The Greene County Board of Supervisors is pleased to learn that their Economic Development Department, led by Danny Box, completed a successful Mississippi Development Authority (MDA) Site Evaluation Grant application which resulted in a $50,000 award to Greene County. The board will use the grant funds to continue due diligence studies at a 415-acre site next to the Canadian National Rail Line and South of McLain in the Leaf Community. The MDA grant combined with the county’s recently awarded $25,000 Cooperative Competes grant will allow the Greene County Board of Supervisors to move closer to its goal of having a site ready to market for industrial development. The Greene County Board of Supervisors acknowledges that these due diligence studies are a slow process, but the steady progress toward their completion is encouraging. The board sees today’s awarding of the MDA grant as a tangible sign of that progress. The board has confidence that these efforts and small victories of today will, in the future, bring positive job creation results to Greene County.

From the Director of the Greene County Economic Development Department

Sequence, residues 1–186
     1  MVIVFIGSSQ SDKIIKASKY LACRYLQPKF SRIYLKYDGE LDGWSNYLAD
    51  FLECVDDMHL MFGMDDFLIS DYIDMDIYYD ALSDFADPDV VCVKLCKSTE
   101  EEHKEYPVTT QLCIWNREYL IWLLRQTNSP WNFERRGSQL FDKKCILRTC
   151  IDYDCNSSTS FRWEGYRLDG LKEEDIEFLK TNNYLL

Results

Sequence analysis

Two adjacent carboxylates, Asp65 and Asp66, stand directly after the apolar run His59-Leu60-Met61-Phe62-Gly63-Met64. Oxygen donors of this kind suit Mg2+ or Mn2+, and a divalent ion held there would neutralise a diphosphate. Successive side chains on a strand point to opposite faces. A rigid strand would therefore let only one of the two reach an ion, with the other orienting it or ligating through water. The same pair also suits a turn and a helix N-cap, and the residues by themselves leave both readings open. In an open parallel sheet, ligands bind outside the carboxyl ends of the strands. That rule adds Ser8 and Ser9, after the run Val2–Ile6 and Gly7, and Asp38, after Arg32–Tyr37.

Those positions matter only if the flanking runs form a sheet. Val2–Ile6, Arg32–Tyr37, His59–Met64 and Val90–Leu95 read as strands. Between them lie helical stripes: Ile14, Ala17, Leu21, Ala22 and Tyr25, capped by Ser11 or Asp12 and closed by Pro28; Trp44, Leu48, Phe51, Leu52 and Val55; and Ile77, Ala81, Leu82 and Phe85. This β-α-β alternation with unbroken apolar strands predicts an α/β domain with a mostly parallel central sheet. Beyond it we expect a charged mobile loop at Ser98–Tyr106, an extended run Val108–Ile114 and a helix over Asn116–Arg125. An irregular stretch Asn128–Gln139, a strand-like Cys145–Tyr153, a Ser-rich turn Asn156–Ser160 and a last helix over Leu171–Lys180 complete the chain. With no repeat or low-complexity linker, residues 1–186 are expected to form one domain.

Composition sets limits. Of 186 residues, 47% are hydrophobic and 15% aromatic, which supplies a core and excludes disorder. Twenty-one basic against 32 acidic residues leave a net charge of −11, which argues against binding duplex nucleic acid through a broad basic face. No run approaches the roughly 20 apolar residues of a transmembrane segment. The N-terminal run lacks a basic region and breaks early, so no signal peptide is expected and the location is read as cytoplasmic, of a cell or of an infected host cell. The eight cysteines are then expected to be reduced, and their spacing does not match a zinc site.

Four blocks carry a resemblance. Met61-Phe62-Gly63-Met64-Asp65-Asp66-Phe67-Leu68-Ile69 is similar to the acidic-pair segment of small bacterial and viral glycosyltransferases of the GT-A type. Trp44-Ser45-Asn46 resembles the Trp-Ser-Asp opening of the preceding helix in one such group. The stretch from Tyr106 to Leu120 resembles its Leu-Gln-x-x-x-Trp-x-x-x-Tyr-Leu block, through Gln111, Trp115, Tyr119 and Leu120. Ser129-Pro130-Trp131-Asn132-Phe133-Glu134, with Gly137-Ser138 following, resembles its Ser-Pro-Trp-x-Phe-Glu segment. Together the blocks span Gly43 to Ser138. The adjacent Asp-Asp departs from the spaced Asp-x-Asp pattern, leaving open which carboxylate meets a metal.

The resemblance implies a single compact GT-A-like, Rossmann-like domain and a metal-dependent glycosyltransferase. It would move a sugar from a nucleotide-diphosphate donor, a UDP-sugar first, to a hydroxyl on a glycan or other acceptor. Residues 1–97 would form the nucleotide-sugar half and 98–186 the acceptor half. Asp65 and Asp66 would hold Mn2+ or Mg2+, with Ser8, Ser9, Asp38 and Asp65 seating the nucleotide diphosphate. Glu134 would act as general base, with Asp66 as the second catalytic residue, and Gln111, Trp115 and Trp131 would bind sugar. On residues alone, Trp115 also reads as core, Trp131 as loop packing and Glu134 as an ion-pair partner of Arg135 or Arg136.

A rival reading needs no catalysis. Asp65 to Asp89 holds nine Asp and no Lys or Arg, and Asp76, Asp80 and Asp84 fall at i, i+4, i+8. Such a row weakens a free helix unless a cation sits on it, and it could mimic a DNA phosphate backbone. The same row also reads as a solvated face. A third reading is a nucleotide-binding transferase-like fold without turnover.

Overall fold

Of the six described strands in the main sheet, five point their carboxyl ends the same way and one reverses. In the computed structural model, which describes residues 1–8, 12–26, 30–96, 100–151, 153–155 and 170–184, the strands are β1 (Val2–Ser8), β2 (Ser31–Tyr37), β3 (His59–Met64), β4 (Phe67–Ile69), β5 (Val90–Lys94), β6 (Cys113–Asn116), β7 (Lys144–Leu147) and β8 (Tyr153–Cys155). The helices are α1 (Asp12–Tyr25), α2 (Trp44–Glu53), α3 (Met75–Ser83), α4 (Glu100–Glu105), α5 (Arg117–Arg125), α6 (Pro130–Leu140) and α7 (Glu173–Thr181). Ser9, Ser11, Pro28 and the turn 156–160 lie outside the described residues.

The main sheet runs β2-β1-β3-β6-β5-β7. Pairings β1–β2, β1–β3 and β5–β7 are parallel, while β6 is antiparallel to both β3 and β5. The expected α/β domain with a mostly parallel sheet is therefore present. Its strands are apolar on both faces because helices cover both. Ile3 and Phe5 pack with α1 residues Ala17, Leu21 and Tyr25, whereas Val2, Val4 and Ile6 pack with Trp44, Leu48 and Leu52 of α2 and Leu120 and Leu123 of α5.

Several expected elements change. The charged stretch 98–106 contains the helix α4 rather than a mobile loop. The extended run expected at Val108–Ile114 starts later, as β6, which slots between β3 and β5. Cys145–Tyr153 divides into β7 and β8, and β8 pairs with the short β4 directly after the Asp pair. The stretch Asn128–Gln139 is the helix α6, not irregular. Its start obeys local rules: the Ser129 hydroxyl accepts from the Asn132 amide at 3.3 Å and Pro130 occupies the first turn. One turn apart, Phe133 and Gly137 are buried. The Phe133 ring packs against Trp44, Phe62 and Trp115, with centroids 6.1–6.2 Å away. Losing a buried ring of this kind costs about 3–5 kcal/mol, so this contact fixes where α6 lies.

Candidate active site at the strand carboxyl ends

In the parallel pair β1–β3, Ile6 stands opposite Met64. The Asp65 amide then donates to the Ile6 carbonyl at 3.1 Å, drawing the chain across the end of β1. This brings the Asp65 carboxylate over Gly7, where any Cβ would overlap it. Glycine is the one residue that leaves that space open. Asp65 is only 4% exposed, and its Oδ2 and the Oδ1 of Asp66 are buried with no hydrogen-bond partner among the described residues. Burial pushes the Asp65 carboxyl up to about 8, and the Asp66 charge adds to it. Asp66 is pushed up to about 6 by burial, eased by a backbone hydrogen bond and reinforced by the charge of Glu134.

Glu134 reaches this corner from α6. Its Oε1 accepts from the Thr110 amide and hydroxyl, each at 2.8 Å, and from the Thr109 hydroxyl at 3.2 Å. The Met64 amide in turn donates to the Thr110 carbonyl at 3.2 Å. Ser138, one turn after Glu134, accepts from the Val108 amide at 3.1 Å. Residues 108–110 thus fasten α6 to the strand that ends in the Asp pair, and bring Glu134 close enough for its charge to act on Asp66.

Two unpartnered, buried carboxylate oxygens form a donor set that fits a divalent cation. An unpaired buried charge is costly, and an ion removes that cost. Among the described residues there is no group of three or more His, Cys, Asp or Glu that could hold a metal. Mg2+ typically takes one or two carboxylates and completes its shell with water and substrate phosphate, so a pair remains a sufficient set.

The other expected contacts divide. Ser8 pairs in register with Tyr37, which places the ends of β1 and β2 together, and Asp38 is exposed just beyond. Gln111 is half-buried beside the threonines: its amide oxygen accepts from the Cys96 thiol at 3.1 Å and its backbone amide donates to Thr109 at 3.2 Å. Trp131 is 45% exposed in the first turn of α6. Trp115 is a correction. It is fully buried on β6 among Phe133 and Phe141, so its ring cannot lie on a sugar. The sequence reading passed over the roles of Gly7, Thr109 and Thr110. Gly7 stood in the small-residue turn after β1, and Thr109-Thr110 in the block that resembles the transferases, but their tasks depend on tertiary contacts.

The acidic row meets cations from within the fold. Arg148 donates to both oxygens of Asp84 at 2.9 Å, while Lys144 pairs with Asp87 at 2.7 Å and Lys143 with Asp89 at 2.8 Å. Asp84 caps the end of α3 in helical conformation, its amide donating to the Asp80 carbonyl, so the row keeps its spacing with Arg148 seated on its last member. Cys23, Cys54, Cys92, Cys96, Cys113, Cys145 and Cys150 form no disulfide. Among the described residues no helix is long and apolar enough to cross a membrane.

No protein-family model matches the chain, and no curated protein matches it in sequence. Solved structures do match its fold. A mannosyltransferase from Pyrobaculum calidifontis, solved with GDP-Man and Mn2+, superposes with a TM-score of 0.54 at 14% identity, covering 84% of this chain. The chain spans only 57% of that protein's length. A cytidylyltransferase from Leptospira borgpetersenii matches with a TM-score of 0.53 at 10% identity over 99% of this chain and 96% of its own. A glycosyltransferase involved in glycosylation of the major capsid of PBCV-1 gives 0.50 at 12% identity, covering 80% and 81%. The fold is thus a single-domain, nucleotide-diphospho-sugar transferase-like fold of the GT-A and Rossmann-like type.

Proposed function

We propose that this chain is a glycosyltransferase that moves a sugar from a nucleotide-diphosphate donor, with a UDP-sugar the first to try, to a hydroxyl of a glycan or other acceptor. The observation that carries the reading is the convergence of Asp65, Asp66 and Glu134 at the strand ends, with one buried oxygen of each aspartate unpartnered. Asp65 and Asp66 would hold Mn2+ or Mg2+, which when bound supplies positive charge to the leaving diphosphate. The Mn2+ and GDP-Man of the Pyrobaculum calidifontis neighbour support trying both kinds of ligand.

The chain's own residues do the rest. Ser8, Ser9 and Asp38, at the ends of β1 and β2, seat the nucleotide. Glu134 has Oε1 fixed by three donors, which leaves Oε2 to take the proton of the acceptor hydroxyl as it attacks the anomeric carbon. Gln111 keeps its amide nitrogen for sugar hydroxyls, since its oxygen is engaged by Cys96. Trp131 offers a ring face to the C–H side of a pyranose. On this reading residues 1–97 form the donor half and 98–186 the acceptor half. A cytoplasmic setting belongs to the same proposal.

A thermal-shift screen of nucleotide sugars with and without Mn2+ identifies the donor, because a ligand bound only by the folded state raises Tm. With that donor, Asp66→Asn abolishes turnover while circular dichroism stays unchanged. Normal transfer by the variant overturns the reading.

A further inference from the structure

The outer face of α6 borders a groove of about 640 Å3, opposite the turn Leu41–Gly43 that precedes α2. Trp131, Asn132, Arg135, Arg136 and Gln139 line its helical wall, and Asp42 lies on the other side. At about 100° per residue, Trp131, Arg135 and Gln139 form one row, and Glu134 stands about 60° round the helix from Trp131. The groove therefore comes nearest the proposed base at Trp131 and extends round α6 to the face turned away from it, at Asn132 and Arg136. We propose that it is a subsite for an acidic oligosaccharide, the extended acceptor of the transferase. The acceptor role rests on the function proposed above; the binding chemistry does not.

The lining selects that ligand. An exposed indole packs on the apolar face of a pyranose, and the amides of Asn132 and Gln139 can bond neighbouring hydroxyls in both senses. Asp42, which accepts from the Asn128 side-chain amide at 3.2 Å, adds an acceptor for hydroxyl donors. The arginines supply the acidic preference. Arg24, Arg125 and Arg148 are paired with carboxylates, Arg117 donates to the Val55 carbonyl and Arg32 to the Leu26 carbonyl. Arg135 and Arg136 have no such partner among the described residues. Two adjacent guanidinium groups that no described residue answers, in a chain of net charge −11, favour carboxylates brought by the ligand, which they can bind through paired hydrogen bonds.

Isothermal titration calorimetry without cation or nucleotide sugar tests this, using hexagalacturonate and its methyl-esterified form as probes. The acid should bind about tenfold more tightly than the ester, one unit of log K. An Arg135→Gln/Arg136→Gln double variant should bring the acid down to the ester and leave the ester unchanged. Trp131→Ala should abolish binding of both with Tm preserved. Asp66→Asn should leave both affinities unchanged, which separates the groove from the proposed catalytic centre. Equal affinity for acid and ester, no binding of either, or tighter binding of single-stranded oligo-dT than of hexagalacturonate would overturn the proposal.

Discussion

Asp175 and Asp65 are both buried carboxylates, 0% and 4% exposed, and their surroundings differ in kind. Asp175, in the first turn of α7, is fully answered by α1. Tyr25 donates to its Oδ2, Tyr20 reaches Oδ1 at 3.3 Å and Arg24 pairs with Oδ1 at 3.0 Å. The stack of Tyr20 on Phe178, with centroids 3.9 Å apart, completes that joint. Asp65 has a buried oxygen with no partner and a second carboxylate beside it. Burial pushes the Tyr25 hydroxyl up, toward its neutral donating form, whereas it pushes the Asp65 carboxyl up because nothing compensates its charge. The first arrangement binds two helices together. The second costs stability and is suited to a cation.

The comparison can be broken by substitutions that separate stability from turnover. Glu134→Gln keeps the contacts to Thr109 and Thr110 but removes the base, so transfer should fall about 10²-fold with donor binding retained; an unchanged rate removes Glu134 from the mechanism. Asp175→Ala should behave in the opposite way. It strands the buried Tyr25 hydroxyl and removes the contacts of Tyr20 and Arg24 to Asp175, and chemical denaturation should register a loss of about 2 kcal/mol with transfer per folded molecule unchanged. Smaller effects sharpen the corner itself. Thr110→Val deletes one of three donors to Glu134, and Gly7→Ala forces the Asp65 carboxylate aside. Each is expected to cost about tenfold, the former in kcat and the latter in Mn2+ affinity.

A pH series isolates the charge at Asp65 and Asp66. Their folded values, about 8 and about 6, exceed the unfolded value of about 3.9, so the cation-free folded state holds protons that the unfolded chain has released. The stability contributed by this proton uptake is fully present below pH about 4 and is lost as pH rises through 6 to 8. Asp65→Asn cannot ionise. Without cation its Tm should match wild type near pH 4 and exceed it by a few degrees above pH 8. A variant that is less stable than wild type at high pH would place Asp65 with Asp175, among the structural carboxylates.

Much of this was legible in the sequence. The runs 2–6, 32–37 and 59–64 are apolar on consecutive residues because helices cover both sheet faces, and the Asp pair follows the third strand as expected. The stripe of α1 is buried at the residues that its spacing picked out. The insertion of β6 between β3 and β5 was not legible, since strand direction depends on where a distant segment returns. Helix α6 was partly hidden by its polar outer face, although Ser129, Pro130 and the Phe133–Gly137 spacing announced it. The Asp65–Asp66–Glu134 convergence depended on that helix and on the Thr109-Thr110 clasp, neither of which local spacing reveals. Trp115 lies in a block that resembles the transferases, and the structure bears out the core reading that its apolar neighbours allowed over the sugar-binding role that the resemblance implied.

March 16, 2022 I am Danny Box, and my family, on both sides, goes back at least six generations in Greene County. My parents were both born in Greene County – my mother in the Avera community and my father in the Winborn Chapel community. I have never hesitated to tell new acquaintances that I am from Greene County, and I advocate for this unique place at every opportunity. I am proud to call it my home. I feel a strong sense of loyalty to Greene County, and I know that here is where I belong. Greene County public schools supplied me with my primary and high school education. I started school in the late 1960s in one of the county’s first fully integrated classes and graduated from Leakesville High School in 1981 before county school consolidation. Eventually, while working and building a career with the United States Department of Agriculture (USDA), I attended the University of Southern Mississippi where I earned three degrees culminating in a Ph.D. in Sports Administration. After retiring from the USDA in December of 2019, I spent all of 2020 on my small hay and sweet corn farm in the Winborn Chapel community in the southern part of Greene County. In late summer 2020, I saw the notice the Board of Supervisors placed in the Greene County Herald seeking applicants for an Economic Development Director. First, I was pleased that the board saw the value in hiring someone to focus on economic/community development for Greene County. Second, after consideration, and prayer, I decided to apply for the position. At the conclusion of the application and interview process, I was thankful the board felt I was a good fit and offered me the job. Economic development resulting in the expansion of current business and the creation of new business is a goal aspired to by practically every county and municipality nationwide. Therefore, the competition to attract that development is fierce. So, I enter the job with no illusions that it will be an easy task. What I have committed to do is make a legitimate effort for Greene County and to do that by effectively and accurately promoting the county. Now, after one year in the position, I am fully engaged in working to promote the county and have invested considerable time in the following priority areas: Finding a site that offers Greene County an opportunity to market for industrial development. With the cooperation of both the Greene County Board of Supervisors and the Greene County Board of Education, I have started the process of due diligence studies on sixteen section in the Leaf community South of McLain. Establish a relationship with the current business community currently operating in Greene County. We want to partner with them and look for opportunities to help them become more successful. Reach out to prospects for locating new enterprises in Greene County. Do this while thinking “outside the box” while looking ahead and planning for what might position the county for future successes in economic development. I believe what we accomplish in these three areas will have a direct impact on our ability to successfully improve the overall conditions of the county. With a set of common goals derived from a group of involved county citizens, we can better pull in the same direction. The result, I believe, will be the improvement of life for all citizens of Greene County. The yearning to improve the quality of life for all citizens of the county is a worthy desire. I believe it can unite us in a collective effort.